Where Does India Stand?
sankar sen
THE convincing victory of the Pakistan Muslim League (N)  in the recent election under the leadership of Nawaz Sharif will hopefully mark the beginning of a new era in Pakistan. During the election campaign, nearly all the parties had campaigned for improving relations with India. Their manifestos indicated a growing consensus among politicians for a detente with this country. Mr Sharif&’s party went to the extent of saying that it would open the trade route between India, Afghanistan and beyond through Pakistan.
Both the political class and the intelligentsia in Pakistan seem to have realised that China, its most trusted all-weather ally, will not be able to bail the country out. Its  salvation lies in strengthening ties with India and taking advantage of its growing economy.
The run-up to the election was particularly violent. The  Pakistani Taliban targeted the secular parties to disrupt the tryst with democracy. Over 100 political activists, including some candidates, were killed. Perhaps because of a tacit understanding, the terrorists did not attack the rallies of Nawaz Sharif and Imran Khan. The violence did not dampen the enthusiasm of the voters, however. The turnout was high, with 60 per cent of the electorate exercising its franchise. While the Pakistan People&’s Party and the Awami National Party (ANP) accepted the drubbing they suffered, Imran Khan&’s Pakistan Tehreek-e-Insaf, which won only 34 seats in the National Assembly, alleged widespread rigging.  Imran tried to woo the young and apolitical voters, but he could not make a dent in Sharif&’s stronghold of Punjab.  In popular perception, the PTI is a one-man show rather than a party. Further, Imran could not break the biradari structure of Pakistan politics. It is one thing to rant against corruption and patronage-based politicians; quite another to offer a viable democratic alternative. However, the PTI has fared impressively in Khyber Pukhtunkhawa.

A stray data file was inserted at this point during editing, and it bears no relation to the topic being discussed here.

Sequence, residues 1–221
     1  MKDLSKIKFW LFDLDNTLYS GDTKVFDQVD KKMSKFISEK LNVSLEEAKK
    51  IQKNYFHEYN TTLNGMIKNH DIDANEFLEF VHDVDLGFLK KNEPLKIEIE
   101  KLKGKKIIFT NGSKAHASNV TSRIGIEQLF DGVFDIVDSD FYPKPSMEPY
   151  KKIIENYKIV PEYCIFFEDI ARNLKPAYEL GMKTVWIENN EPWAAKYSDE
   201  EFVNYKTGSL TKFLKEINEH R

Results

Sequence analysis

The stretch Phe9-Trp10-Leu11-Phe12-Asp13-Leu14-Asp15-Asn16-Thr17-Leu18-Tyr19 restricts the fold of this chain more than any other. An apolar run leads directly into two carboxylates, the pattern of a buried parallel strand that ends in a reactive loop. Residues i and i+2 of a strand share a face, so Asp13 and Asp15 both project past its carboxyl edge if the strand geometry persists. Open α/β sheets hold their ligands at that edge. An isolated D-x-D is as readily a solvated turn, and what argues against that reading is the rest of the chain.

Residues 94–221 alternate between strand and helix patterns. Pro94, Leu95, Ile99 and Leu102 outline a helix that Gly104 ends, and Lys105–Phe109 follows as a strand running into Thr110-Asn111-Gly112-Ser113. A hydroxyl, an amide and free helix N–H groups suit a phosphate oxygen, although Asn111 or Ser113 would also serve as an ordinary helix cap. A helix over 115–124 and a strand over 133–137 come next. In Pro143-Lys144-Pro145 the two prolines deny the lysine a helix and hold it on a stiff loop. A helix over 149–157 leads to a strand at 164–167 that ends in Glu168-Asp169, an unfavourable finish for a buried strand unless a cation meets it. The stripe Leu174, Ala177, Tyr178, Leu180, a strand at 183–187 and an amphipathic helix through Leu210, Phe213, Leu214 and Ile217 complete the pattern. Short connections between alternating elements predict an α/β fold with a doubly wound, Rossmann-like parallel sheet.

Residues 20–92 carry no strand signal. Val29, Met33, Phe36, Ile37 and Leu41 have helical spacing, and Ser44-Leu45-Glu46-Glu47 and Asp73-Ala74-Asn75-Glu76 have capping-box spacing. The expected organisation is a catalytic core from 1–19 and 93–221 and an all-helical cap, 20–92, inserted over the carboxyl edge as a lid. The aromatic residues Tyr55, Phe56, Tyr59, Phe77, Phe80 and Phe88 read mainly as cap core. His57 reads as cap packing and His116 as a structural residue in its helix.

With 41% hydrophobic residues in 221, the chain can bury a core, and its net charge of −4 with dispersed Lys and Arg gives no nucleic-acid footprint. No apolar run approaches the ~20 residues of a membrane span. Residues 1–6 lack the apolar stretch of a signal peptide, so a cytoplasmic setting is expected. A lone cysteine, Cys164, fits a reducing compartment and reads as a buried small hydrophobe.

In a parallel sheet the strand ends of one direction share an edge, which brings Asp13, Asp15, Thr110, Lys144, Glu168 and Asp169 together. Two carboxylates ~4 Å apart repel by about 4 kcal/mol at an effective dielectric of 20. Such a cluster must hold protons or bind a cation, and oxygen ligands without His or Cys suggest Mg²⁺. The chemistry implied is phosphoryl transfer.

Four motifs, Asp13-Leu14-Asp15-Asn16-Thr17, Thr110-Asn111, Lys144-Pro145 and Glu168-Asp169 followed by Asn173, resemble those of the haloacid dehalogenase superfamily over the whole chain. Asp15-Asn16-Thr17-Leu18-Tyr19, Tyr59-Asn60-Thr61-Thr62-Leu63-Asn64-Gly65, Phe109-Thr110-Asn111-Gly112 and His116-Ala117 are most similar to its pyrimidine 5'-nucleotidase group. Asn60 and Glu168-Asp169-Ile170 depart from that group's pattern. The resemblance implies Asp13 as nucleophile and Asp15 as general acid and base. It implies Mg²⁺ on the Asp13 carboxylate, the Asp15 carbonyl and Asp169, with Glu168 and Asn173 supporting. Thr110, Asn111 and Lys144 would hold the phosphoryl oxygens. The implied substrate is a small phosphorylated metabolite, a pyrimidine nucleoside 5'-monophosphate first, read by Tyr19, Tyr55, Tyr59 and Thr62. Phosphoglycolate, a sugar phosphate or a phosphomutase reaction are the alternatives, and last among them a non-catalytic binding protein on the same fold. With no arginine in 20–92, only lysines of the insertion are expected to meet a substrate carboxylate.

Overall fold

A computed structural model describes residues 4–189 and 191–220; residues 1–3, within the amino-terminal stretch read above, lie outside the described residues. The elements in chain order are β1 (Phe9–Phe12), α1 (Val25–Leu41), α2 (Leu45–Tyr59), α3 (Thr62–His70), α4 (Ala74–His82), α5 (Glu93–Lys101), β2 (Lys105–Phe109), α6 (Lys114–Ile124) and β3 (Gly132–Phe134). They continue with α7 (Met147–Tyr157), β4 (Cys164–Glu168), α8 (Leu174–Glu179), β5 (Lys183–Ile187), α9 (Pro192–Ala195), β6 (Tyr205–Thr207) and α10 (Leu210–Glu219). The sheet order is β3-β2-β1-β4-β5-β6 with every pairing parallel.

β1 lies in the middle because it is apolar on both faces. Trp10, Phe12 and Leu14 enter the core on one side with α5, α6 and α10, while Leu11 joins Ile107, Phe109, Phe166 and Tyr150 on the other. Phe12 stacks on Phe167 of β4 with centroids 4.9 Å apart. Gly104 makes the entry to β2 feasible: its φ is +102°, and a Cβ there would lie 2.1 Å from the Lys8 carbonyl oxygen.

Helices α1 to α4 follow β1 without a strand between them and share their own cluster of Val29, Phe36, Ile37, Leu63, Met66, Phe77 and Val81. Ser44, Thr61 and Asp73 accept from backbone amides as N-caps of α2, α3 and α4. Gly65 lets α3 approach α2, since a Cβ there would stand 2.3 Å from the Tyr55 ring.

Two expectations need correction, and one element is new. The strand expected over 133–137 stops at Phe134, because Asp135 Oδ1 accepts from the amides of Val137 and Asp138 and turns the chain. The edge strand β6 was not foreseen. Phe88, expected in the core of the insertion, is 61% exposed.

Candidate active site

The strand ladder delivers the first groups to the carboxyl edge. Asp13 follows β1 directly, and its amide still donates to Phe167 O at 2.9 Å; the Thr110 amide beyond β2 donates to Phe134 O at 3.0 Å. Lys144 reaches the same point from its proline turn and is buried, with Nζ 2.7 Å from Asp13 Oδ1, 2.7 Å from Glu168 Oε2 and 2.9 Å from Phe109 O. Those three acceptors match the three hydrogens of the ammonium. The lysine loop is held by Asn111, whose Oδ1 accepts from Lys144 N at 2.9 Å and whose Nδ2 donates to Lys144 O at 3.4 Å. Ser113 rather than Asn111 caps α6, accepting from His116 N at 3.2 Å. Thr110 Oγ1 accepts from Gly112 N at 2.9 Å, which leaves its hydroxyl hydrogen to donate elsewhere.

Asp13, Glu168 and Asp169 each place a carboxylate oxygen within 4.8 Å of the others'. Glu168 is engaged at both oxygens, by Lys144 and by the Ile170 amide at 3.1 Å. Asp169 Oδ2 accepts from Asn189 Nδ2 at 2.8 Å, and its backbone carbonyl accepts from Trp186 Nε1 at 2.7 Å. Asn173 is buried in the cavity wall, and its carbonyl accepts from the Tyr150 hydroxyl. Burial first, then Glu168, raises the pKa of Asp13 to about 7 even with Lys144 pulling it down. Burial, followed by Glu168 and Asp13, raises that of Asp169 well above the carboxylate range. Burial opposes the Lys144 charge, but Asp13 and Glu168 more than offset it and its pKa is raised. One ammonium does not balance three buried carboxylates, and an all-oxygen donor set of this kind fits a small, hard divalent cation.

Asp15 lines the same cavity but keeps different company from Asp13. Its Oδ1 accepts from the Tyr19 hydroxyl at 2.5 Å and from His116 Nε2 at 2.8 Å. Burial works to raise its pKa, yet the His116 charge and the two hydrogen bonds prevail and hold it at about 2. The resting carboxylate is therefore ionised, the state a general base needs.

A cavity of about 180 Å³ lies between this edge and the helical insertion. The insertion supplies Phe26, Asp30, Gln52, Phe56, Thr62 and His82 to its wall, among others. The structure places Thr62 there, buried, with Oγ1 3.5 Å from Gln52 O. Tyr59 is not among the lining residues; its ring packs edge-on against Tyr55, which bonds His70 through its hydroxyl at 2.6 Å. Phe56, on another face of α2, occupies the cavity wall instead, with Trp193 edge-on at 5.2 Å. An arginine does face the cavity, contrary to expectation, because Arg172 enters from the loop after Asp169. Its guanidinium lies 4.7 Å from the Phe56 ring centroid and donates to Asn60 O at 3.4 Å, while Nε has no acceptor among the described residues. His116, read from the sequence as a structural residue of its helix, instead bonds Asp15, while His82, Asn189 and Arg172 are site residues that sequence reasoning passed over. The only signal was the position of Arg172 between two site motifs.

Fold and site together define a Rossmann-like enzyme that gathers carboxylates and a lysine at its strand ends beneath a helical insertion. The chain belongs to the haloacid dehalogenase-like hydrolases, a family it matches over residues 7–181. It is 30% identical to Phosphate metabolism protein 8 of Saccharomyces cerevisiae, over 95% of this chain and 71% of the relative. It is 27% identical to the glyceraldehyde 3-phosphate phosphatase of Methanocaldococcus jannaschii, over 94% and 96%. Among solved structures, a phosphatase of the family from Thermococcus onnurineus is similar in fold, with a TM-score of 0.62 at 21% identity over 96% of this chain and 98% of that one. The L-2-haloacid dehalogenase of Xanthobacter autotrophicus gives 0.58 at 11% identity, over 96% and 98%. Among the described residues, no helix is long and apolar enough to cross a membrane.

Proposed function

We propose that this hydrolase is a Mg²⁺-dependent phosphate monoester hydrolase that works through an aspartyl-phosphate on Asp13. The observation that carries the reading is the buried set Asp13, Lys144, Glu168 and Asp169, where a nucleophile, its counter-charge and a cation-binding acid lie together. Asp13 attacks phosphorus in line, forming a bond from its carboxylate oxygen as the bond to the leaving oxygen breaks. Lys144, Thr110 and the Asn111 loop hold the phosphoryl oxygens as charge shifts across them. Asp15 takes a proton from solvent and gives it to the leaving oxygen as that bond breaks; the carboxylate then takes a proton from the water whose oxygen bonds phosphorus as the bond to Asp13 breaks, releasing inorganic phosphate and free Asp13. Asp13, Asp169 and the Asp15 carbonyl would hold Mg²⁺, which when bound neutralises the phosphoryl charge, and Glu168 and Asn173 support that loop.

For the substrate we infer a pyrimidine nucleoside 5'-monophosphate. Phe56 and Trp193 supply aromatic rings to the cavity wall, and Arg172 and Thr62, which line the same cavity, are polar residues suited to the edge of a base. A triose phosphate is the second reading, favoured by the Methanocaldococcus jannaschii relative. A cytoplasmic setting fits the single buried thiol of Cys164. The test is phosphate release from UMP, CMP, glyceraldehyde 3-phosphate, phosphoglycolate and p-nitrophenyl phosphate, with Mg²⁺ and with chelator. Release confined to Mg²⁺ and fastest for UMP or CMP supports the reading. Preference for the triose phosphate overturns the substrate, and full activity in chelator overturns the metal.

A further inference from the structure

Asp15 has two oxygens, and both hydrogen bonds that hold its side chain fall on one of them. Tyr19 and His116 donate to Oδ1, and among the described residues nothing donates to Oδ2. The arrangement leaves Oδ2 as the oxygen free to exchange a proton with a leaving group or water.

During post-election press conferences and television interviews, Nawaz Sharif has indicated that he wants to mend fences and improve relations with India. As a successful businessman, he is aware that better trade relations will benefit Pakistan. Its economy has done well in terms of trade and India is quite obviously the only  market to be tapped. Indian imports will be cheaper and help Pakistan tackle inflation. He may even take steps to grant the Most Favoured Nation (MFN) status to India. However, resistance from the army cannot be ruled out.
President Zardari was also keen on improving ties with India, but he was thwarted by the establishment and could not do much. With his strong mandate from the Punjab, Sharif is in a better position to do something more substantial than Zardari. In an interview to the Wall Street Journal, he signalled his intent “to pick up the threads where they were left” and resolve the remaining issues with India through peaceful means. He has gone to the extent of saying that if he comes to power he would share the reports on the Kargil operations and the Mumbai outrage with India. He has  stated that he will seek to assert civilian supremacy over the army. How far he will be able to do so is, of course, open to question.